A Very American Coup By Michael – Louis Ingram, Editor-in-Chief...
Chambers, Povetkin Collide For Title Shot
NEW YORK — The final installment of the IBF heavyweight title elimination tournament will commence on Saturday. Unbeaten contenders, Eddie Chambers (30-0, 16 KOs) and Alexander Povetkin (14-0, 11 KOs), will fight to determine the No. 1-ranked contender for heavyweight champion Wladimir Klitschko.
That’s if of course Klitschko surpasses the rugged unification challenge of unbeaten WBO champion Sultan Ibragimov in February. Chambers-Povetkin will be televised live on HBO Sports from the Tempodom in Berlin, Germany at 10 PM/EST.
The International Boxing Federation’s decision to come up with a heavyweight elimination tournament was simple. Klitschko has been so dominant, knocking out all three of his challengers since winning the IBF title in April 2006 in a second victory over Chris Byrd (KO 7).
There were no heavyweights available for Klitschko to fight. Either everyone else had other commitments or injuries. Therefore, the IBF invited Chambers, Povetkin, along with two of Klitschko’s previous KO victims Byrd and Calvin Brock with an opportunity to fight for a heavyweight championship.
After Saturday, only one fighter will have the right to challenge for the IBF heavyweight championship. “The major work has been done.” Chambers said in a recent statement. “I’ve worked hard to get into this position and I’m ready for it.”
Chambers, a 25-year-old from Philadelphia, was moving along carefully since he began his career in December 2000. Chambers, in the first bout the elimination series, dominated Brock in November with quick counterpunches and a solid defense. Brock couldn’t fit his gloves through Brock’s tight guard, but was his too often. Chambers won a 12-round unanimous decision.
Povetkin, an Athens Olympic gold medal winner in 2004, has made headlines in Germany. Povetkin has won numerous national and international championships as an amateur. Povetkin won more than 120 amateur bouts. Povetkin, in only his fourteenth professional bout, TKO’d Byrd in the eleventh round of the second bout of the tournament.
A knockout of Byrd is an impressive accomplishment considering Lennox Lewis vacated a world heavyweight title for his refusal to fight him. Vitali Klitschko dropped the WBO heavyweight crown to Byrd by quitting on his stool. Evander Holyfield didn’t have an answer for Byrd, nor did a prime and ripped David Tua.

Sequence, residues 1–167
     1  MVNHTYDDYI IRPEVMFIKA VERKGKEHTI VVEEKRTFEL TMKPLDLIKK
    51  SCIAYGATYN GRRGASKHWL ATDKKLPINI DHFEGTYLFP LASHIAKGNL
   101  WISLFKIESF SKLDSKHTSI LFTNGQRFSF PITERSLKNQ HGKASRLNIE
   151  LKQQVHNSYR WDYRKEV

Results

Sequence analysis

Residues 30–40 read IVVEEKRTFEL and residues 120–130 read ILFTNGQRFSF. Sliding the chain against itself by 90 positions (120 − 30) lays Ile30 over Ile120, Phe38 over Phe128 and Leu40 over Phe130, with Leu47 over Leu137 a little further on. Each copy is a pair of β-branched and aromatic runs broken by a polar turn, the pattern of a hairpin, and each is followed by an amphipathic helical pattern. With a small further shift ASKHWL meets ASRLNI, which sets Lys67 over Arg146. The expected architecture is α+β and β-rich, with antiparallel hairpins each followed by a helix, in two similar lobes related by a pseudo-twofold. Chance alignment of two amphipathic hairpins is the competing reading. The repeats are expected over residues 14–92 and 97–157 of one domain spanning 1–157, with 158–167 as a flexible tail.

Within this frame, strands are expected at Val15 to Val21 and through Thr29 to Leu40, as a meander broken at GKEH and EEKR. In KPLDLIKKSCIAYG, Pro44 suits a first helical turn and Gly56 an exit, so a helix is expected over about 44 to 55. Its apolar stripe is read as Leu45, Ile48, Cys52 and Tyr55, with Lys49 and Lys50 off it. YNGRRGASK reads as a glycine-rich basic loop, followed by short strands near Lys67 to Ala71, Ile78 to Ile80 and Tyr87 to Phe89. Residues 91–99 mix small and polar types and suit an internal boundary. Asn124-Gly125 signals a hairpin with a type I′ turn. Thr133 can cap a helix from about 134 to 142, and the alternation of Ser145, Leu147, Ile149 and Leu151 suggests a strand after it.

However, Povetkin, 28, of Russia, was simply too strong for Byrd. A decision win is one thing, but for Povetkin to stop Byrd, a former WBO and IBF heavyweight champion, shocked a lot of people.
Byrd was recognized for having a very tough defense and was virtually difficult to hit. Byrd made a career out of making fighters look silly. Povetkin, at 6-feet-2, 225 pounds, is not nearly as big as the two previous men to have KO’d Byrd, Wladimir and Ike Ibeabuchi.
For Povetkin to stop Byrd was impressive.
Chambers, trained by his father Eddie Sr., has hired the services of former world welterweight champion Buddy McGirt. McGirt has done a wonderful job of helping to reconstruct the fighting styles of Paulie Malignaggi, Arturo Gatti, Antonio Tarver, Vernon Forrest, and Lamon Brewster.
It’s been a great privilege and honor to be asked to work with Eddie Sr. and his son on such an important fight,” Mc Girt recently stated. “Eddie has come a long way with his dad and I truly respect that. I sit back and watch, and when I see something that can help, I say it. We have great chemistry together.”
Chambers’ can beat Povetkin behind his speed and defense. Chambers has to move around and punch from different angles. Chambers cannot be flatfooted and exchange with Povetkin all fight. Chambers must be quicker to the draw than Povetkin and not get hit with too many big shots.
Povetkin can win by being aggressive and moving forward. Povetkin is recognized for his punching power and he must be accurate. Povetkin has to get inside and simply outwork Chambers. Povetkin must land often and consistently, especially to Chambers body.
In addition to airing Chambers-Povetkin, HBO will also rebroadcast Roy Jones’ unanimous 12-round decision victory over Felix Trinidad from Madison Square Garden last week.
The bout, featuring two of the biggest names in boxing during the last 15 years, was televised on HBO Pay-Per-View at a suggested retail of $49.99. Ticket prices ranged from $100 to $5,000. A reported 12,161 were in attendance.